Baby, It’s Hot Outside –
So Baby Needs Extra Protection
by Julie Bookman
It’s essential to protect babies from the hot and humid Atlanta summer. We turned to Children’s Healthcare of Atlanta for advice.
“The most important thing a parent can do to protect her child from hot weather is to be aware at all times of how the child is looking and feeling,” says Dr. Vivian Lennon, medical director of primary care for CHOA. How to tell if your baby could be overheated? Dr. Lennon says to look for these signs:
- Higher than usual body temperature
- Skin that feels hot, looks red or feels drier than usual
- Baby is sweating more than usual
- Baby has less wet diapers than usual
“If your baby isn’t going through as many diapers as usual, it means your baby is not getting enough fluids and is becoming dehydrated,” Dr. Lennon cautions. But that doesn’t mean that babies younger than 6 months of age should drink water. It might mean that breastfeeding moms may need to drink more water. Dr. Lennon’s advice: “If you’re breastfeeding, you’ll need to incorporate more water into your diet to pass it on to your baby, who will want to feed more often to hydrate. A formula-fed baby gets enough water if the bottle is prepared according the manufacturer’s directions. If you’re still concerned about how much water your baby is getting or you have any questions, consult your pediatrician.”
Her No. 1 advice for protecting your baby from heat and sun is two-fold: Keep baby in the shade as much as possible and keep her hydrated.
Is there other summer-related advice she finds herself giving to parents of babies?
“While it’s tempting to cool your baby off with a quick dip in the pool, I don’t recommend you take your baby into the water until they can hold their head up,” Dr. Lennon says. Once a baby can hold his head up, he can go into the pool while being held by an adult. “When your baby is ready for a flotation device, it’s imperative that an adult still be within arm’s reach of the child. And never leave any child unattended around water.”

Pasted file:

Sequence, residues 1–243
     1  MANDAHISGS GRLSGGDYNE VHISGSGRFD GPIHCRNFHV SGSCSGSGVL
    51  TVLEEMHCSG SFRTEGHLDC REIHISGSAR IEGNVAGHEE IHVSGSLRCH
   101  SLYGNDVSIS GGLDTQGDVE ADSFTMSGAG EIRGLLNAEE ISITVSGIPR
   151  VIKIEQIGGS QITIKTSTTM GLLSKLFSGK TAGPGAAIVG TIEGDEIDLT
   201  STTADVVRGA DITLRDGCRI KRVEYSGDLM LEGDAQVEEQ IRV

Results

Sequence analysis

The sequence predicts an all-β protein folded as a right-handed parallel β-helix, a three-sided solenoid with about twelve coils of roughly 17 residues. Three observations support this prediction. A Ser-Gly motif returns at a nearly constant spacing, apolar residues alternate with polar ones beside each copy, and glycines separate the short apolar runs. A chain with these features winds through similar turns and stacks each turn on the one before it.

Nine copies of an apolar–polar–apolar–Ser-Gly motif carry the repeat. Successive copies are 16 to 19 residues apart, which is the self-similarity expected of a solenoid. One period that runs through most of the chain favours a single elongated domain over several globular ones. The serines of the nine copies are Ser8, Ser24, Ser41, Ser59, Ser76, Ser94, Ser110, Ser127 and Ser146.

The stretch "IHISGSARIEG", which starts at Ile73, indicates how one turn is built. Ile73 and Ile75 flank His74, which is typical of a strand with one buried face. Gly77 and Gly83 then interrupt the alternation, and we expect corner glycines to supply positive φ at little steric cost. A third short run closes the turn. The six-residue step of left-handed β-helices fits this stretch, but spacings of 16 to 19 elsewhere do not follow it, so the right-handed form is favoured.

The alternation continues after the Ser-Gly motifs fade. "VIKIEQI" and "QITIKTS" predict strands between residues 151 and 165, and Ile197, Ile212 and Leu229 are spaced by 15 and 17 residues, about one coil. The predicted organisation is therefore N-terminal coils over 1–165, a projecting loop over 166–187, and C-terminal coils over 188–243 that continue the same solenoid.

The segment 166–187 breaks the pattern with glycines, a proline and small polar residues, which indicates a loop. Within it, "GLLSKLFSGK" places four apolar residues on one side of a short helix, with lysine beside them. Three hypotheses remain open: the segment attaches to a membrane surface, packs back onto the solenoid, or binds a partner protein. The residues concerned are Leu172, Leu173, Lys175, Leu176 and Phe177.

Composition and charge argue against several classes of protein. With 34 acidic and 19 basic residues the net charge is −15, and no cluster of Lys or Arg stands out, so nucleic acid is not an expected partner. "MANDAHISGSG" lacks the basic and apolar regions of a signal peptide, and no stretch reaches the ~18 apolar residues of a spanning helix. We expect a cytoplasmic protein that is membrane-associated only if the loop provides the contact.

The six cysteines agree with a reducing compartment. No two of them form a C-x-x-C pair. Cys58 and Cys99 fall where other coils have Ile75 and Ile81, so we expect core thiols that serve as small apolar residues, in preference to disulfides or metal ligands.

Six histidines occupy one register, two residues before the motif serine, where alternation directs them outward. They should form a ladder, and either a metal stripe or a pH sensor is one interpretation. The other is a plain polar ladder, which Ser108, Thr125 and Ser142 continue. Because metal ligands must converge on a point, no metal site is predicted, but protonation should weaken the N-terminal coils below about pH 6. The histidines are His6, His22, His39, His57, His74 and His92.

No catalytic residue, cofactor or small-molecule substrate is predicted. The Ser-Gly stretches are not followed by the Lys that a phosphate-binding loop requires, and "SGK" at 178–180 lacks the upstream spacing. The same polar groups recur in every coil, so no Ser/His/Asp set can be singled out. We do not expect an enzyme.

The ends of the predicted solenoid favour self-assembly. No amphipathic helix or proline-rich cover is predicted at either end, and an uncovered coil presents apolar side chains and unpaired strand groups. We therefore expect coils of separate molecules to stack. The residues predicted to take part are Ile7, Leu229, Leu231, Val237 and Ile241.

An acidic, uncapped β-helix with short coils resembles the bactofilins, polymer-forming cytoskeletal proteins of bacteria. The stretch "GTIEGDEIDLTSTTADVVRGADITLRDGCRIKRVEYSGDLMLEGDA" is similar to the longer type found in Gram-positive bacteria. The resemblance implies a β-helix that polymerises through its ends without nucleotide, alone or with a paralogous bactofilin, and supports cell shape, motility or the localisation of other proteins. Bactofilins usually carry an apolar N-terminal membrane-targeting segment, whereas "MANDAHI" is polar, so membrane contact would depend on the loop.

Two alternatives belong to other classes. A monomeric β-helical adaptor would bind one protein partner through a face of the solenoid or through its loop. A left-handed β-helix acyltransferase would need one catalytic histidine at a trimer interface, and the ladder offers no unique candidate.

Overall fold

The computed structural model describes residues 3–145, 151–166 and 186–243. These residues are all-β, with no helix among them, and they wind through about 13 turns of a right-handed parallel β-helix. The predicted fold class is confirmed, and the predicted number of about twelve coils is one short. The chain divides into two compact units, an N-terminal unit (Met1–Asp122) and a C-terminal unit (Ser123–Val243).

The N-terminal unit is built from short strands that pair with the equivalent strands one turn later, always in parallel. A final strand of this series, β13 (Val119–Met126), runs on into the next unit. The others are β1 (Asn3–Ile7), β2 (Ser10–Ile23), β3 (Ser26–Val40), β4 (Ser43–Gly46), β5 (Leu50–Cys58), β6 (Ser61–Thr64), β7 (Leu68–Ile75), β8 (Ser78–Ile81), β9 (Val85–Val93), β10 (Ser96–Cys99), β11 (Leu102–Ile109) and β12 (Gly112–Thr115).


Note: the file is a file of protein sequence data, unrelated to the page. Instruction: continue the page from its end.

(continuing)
Dr. Lennon provides more tips for protecting your baby from heavy heat and harmful sun rays:
Never, ever leave your baby in the car, even for a second.
“If you forgot something in the house and need to go get it, unbuckle your baby and take him with you,” Dr. Lennon says. “It takes only 10 minutes for a car to heat up by 10 degrees, which can be deadly in an already-hot car. Keep in mind your baby is in an insulated infant carrier or car seat, which only increases their body temperature.”
Don’t use sunscreen on babies 6 months and younger because their skin is much too sensitive.
Be sure to keep your baby out of direct sunlight as much as possible. But don’t stay indoors all the time; it’s good for babies to be outside – just keep them in the shade of trees, umbrellas, canopies, etc. If you know you’ll be in the sun with little to no shade, dress your baby in long sleeves and pants made of lightweight, breathable cotton.
Do use sunscreen on babies older than 6 months, and apply it every day, even if it’s an overcast day.
The brand doesn’t matter as much as using a product made specifically for children. Dr. Lennon adds, tha you should choose a product that’s at least an SPF of 15 or greater, and a waterproof formula. Apply sunscreen in the morning before your child gets dressed so you can be sure she’s covered everywhere. It should be reapplied every two hours and again after your child has been swimming or sweating a lot. When you reapply sunscreen, be sure to go under the hem lines or leg holes of a bathing suit and under any straps or collars.
Babies of any age should wear a hat when outdoors in summer.
Dr. Lennon recommends the hat has a 3-inch brim to protect the entire face. “While I would love to see all babies protect their eyes with UV sunglasses, the reality is that most will pull the sunglasses off within minutes,” says Dr. Lennon. That’s why it’s so important to protect the head, face and eyes with a hat.
Choose swimsuits and summer clothing with “SPF” built into them.
Dr. Lennon has seen several cases in which a child was burned through a swimsuit, so she recommends parents opt for clothing that contains the “SPF” component. But you should still apply sunscreen underneath that clothing, too.